Copyright 2004 The New York Times Company

Paul Krugmans's NY Times columns:

Thursday, March 18, 2004


From The Week, March 19, 2004:

The article:
A Los Angeles Times music critic who'd described an opera as "pro-life"--meaning celebrating life--was shocked to find that a copy editor had changed the phrase to "anti-abortion." Richard Strauss' Die Frau Ohen Schatten has nothing to do with abortion, said critic Mark Swed. The copy editor was adhering to a strict policy banning the phrase "pro-life" as offensive to people who support abortion rights.

The Week printed this little article in a section called "Only in America." I guess this was meant to belittle the situation.

As silly as the incident was, I was delighted to find out about the LA Times language policy. Perhaps The Week saw just humor in this, but I saw something more. I saw, finally, the media beginning to resist the conservative usurpation of language to achieve an extreme political and cultural goal.

"Pro-life" has always been one of the most flagrant and obnoxious examples of the success the right has achieved in framing the debate. "Partial-birth abortion" is another, among many.

Congratulations to that copy editor for a mistake that brought an enlightened policy to our attention, and to the LA Times for its stance.

Sunday, March 14, 2004


1,049 Federal Rights Available to Married Couples

In 1997, the General Accounting Office of the Federal Government compiled a list of 1,049 rights and benefits which were related to civil marriage. The list includes thirteen categories of rights and benefits, including:

Social Security and Related Programs, Housing, and Food Stamps
Veterans' Benefits
Federal Civilian and Military Service Benefits
Employment Benefits and Related Laws
Immigration, Naturalization, and Aliens
Trade, Commerce, and Intellectual Property
Financial Disclosure and Conflict of Interest

You can view the entire GAO report here:

Then click on "GAO report here." It's a pdf file.



I don't read the New Republic, haven't in years, and don't know much about Chait, but I've said myself some of what he's saying in this artcle, decided to let someone else rant about him this time.


Make You Ralph
by Jonathan Chait ,The New Republic

Post date: 02.29.04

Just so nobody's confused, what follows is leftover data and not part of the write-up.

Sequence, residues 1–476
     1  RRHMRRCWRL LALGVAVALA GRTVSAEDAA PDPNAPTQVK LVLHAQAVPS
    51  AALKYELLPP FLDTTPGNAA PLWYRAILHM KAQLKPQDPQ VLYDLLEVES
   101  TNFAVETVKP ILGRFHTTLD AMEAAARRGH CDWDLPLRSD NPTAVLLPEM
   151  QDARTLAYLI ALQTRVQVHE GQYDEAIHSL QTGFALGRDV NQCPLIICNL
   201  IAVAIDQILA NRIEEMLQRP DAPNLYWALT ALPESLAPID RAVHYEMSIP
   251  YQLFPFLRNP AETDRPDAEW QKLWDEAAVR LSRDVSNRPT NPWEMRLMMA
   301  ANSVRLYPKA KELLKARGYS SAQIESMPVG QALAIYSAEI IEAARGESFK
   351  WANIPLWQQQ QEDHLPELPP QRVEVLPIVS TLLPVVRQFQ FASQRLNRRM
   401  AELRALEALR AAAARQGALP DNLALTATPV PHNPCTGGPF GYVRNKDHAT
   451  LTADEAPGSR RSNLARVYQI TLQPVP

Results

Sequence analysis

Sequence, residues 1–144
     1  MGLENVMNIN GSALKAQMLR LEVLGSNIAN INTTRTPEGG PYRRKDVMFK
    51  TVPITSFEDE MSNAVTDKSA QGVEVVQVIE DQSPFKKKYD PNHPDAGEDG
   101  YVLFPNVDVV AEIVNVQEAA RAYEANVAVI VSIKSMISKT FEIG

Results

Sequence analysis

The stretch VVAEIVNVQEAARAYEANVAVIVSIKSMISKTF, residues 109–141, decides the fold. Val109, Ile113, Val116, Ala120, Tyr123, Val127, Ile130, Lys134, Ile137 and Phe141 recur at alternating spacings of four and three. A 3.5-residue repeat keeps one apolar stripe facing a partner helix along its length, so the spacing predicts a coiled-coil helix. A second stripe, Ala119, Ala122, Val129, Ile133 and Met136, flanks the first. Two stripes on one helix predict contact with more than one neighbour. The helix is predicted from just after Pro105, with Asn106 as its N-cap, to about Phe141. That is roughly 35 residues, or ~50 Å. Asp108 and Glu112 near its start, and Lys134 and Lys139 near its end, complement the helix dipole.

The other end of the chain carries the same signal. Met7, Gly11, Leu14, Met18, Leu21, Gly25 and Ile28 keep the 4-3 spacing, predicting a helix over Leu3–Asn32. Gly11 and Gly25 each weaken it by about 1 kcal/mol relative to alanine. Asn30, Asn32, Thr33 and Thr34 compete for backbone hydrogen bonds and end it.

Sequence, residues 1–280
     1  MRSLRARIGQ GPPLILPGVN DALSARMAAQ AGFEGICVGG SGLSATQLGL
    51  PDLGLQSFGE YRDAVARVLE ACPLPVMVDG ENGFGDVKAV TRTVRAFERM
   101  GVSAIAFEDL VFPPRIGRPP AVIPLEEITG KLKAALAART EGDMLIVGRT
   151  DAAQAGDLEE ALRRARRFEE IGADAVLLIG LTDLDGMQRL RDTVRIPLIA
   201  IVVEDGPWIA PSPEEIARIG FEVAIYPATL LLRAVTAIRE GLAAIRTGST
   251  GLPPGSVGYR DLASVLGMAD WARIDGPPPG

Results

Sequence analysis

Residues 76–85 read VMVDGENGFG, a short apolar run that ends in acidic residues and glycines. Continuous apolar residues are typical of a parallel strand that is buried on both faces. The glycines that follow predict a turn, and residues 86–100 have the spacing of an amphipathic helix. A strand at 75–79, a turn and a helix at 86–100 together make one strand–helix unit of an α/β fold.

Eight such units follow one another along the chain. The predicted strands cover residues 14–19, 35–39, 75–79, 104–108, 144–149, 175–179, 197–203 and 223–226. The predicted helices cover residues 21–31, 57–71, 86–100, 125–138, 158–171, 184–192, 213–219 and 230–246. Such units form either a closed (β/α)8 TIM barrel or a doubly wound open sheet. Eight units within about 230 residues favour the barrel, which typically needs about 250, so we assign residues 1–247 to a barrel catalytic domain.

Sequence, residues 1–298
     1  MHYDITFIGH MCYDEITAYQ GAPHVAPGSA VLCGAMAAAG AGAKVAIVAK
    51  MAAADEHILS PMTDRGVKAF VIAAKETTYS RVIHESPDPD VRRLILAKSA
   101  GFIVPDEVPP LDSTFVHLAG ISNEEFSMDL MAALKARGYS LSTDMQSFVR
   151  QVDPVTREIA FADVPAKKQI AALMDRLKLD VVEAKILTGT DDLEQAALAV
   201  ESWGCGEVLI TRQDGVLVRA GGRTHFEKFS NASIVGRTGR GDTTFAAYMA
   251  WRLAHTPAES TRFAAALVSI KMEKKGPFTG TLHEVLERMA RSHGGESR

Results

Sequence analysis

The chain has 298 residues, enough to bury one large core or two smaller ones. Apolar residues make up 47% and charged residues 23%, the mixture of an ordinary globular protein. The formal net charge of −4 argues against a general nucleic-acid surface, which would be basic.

Issue date: 03.08.04
As Ralph Nader prepares for another spoiler run at the presidency, liberals are again wringing their hands at the damage he may do not only to Democrats' chances of retaking the White House but to his own reputation as well. "The most regrettable thing about Mr. Nader's new candidacy is not how it is likely to affect the election, but how it will affect Mr. Nader's own legacy," editorialized The New York Times this week. "Ralph Nader has been one of the giants of the American reform movement. ... [I]t would be a tragedy if Mr. Nader allowed [his anger] to give the story of his career a sad and bitter ending." The same theme was sounded in November of 2000. "Bernie Sanders is right. Ralph Nader is 'one of the heroes of contemporary American society,'" argued Eric Alterman in The Nation. "How sad, therefore, that he is helping to undo so much of his life's work in a misguided fit of political pique and ideological purity." As Robert Scheer lamented in the Los Angeles Times, "What Nader did was to impulsively betray a lifetime of painstaking, frustrating, but most often effective, efforts on his part to make a better world. He is a good man who went very wrong."

The good-man-who-went-wrong assessment of Nader is virtually unchallenged among liberals. But, if you think about it for a moment, it's awfully strange. Heroes of history do not normally reverse themselves out of the blue. George Washington did not end his days pining for a return of the British monarchy to U.S. shores. George Orwell did not suddenly warm to the virtues of totalitarianism. Nor, for that matter, did Ralph Nader go wrong after decades of doing good. The qualities that liberals have observed in him of late--the monomania, the vindictiveness, the rage against pragmatic liberalism--have been present all along. Indeed, an un-blinkered look at Nader's public life shows that his presidential campaigns represent not a betrayal of his earlier career but its apotheosis.